SREL Reprint #3281

 

 

 

Mobilization of colloidal carbon during iron reduction in basaltic soils

Shea W. Buettner1, Marc G. Kramer2, Oliver A. Chadwick3, and Aaron Thompson1

1Crop and Soil Sciences Department, University of Georgia, Athens, GA, USA
2Soil and Water Science Department, University of Florida, Gainesville, FL, USA
3Department of Geography, University of California, Santa Barbara, CA, USA

Abstract: The transport of organic carbon (C) to deep mineral horizons in soils can lead to long-term C stabilization. In basaltic soils, C associations with short-range-ordered (SRO) minerals often lead to colloid-sized aggregates that can be dispersed and mobilized by changes in soil solution chemistry. In the montane forest region of Hawaii, basaltic soils are exposed to high rainfall and anoxic conditions that facilitate ferric (FeIII) (oxyhydr)oxide reduction. We explored the potential of iron (Fe)-reducing conditions to mobilize C by exposing the surface mineral horizons of three soils from the Island of Hawaii (aged 0.3, 20, and 350 ky) to 21 days of anoxic incubation in 1:10 soil slurries. Mobilized C was quantified by fractionating the slurries into three particle-size classes (<430 nm, <60 nm, <2.3 nm ≈ 10 kDa). In all three soils, we found Fe reduction (maximum Fe2+ (aq) concentration ≈ 17.7 ± 1.9 mmol kg-1 soil) resulted in ~500% and ~700% increase of C in the 2.3-430 nm, and <2.3 nm size fractions, respectively. In addition, Fe reduction increased solution ionic strength by 127 µS cm-1 and generated hydroxyl ions sufficient to increase the slurry pH by one unit. We compared this to C mobilized from the slurries during a 2-h oxic incubation across a similar range of pH and ionic strength and found smaller amounts of dissolved (<2.3 nm) and colloidal (2.3-430 nm) C were mobilized relative to the Fe reduction treatments (p < 0.05). In particular, C associated with the largest particles (60-430 nm) was dispersed almost exclusively during the Fe reduction experiments, suggesting that it had been bound to Fe-oxide phases. Our experiments suggest that colloidal dispersion during Fe-reducing conditions mobilizes high concentrations of C, which may explain how C migrates to deep mineral horizons in redox dynamic soils.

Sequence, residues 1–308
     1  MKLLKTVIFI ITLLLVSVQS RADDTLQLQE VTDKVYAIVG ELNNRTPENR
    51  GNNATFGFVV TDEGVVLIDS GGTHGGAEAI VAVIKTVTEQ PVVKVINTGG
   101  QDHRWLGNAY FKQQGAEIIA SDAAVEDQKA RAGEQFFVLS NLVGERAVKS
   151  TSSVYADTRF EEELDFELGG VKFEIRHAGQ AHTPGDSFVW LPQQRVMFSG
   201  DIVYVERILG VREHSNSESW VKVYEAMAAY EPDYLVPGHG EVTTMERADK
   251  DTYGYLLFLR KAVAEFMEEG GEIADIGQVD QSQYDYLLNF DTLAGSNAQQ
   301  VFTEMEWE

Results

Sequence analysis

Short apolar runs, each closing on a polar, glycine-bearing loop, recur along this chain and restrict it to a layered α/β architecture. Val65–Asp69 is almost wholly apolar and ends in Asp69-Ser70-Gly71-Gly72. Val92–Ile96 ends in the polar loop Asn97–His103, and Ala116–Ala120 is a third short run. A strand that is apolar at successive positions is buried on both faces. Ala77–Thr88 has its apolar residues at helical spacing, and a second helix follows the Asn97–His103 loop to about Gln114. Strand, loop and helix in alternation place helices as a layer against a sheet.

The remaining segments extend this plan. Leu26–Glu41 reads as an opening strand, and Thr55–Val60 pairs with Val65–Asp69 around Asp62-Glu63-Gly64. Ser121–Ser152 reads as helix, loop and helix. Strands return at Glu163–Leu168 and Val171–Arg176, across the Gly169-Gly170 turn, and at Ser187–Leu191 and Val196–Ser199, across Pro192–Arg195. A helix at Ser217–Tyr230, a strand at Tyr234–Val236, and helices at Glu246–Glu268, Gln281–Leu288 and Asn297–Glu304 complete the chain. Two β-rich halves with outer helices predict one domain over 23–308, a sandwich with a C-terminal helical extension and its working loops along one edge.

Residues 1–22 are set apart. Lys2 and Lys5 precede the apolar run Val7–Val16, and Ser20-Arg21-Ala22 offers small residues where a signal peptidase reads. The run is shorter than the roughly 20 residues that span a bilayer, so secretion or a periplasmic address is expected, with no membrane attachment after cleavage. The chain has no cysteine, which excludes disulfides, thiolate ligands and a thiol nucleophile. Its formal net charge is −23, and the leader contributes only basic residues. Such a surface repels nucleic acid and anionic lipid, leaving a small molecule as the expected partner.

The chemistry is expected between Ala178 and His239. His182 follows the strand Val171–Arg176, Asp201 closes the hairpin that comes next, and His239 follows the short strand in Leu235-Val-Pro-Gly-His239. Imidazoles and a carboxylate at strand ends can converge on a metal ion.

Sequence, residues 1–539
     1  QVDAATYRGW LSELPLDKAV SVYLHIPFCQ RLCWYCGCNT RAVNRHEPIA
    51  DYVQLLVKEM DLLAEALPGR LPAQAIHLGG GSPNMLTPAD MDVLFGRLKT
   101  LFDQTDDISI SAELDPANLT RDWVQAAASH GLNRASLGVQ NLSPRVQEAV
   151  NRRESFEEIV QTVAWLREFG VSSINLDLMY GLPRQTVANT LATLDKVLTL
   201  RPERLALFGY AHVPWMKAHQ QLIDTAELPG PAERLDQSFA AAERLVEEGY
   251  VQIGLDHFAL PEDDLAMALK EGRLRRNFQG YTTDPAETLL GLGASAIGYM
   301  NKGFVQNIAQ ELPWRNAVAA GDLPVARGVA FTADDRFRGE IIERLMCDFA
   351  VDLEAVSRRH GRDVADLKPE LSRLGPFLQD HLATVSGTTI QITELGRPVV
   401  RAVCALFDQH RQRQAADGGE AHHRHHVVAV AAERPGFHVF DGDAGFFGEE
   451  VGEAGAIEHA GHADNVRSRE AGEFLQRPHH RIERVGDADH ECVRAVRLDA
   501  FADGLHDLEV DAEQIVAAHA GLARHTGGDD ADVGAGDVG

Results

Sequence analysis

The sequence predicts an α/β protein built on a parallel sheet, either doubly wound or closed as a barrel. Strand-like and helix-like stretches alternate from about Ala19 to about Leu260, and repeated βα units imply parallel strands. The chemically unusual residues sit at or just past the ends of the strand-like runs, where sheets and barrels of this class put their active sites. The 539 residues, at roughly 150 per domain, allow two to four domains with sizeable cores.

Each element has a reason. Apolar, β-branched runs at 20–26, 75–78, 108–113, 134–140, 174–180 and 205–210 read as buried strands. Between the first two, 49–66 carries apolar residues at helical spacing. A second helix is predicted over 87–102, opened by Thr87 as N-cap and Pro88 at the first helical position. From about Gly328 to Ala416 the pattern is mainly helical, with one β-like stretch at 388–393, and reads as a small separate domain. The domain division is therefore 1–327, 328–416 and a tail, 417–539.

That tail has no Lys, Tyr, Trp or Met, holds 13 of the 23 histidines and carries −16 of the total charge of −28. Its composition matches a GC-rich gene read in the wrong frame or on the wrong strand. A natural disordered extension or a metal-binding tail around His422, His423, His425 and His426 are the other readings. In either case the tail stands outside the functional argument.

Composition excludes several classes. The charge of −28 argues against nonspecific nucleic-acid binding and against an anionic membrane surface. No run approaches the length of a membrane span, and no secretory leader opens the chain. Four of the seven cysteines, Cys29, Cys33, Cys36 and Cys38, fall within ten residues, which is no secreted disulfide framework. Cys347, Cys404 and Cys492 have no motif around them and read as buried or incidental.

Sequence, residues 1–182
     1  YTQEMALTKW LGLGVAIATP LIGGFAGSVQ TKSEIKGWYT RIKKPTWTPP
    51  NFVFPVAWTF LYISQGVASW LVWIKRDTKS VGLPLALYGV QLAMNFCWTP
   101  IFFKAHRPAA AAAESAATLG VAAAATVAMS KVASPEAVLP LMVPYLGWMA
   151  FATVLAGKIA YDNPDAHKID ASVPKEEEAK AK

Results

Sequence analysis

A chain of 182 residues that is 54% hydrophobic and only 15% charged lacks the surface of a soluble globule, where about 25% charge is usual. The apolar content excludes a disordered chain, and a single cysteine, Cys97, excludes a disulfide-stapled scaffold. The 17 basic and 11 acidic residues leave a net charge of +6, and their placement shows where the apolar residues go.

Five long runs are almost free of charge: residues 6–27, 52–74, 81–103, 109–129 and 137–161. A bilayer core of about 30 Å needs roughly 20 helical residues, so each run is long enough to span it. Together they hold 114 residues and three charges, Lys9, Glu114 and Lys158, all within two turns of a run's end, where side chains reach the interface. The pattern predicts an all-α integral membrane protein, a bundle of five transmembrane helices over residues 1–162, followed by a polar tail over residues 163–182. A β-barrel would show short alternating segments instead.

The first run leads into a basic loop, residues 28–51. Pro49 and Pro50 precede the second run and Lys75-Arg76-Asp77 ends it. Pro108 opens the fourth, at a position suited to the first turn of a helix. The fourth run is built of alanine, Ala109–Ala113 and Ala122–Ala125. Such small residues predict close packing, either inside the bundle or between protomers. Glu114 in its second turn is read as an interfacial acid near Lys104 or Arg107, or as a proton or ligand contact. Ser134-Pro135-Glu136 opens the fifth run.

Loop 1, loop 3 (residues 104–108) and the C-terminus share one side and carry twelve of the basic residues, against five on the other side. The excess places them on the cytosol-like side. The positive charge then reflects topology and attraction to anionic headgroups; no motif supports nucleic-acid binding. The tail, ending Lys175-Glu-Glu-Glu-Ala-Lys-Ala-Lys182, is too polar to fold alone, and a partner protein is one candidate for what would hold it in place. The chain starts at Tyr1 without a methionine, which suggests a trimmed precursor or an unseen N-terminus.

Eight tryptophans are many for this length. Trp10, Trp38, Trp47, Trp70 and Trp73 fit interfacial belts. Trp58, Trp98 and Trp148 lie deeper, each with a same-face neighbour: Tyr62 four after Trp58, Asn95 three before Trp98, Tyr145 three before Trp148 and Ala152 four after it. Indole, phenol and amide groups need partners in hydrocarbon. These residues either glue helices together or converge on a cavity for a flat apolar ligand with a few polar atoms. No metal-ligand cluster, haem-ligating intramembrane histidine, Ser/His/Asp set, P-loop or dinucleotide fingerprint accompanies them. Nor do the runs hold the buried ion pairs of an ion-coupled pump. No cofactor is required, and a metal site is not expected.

Keywords: Hawaii, Soil organic matter, Anoxia, Iron reduction, pH, Asymmetric flow field-flow fractionation

SREL Reprint #3281

Buettner, S. W., M. G. Kramer, O. A. Chadwick, and A. Thompson. 2014. Mobilization of colloidal carbon during iron reduction in basaltic soils. Geoderma 221-222(2014): 139-145.

To request a reprint

 

 
SREL Home University of Georgia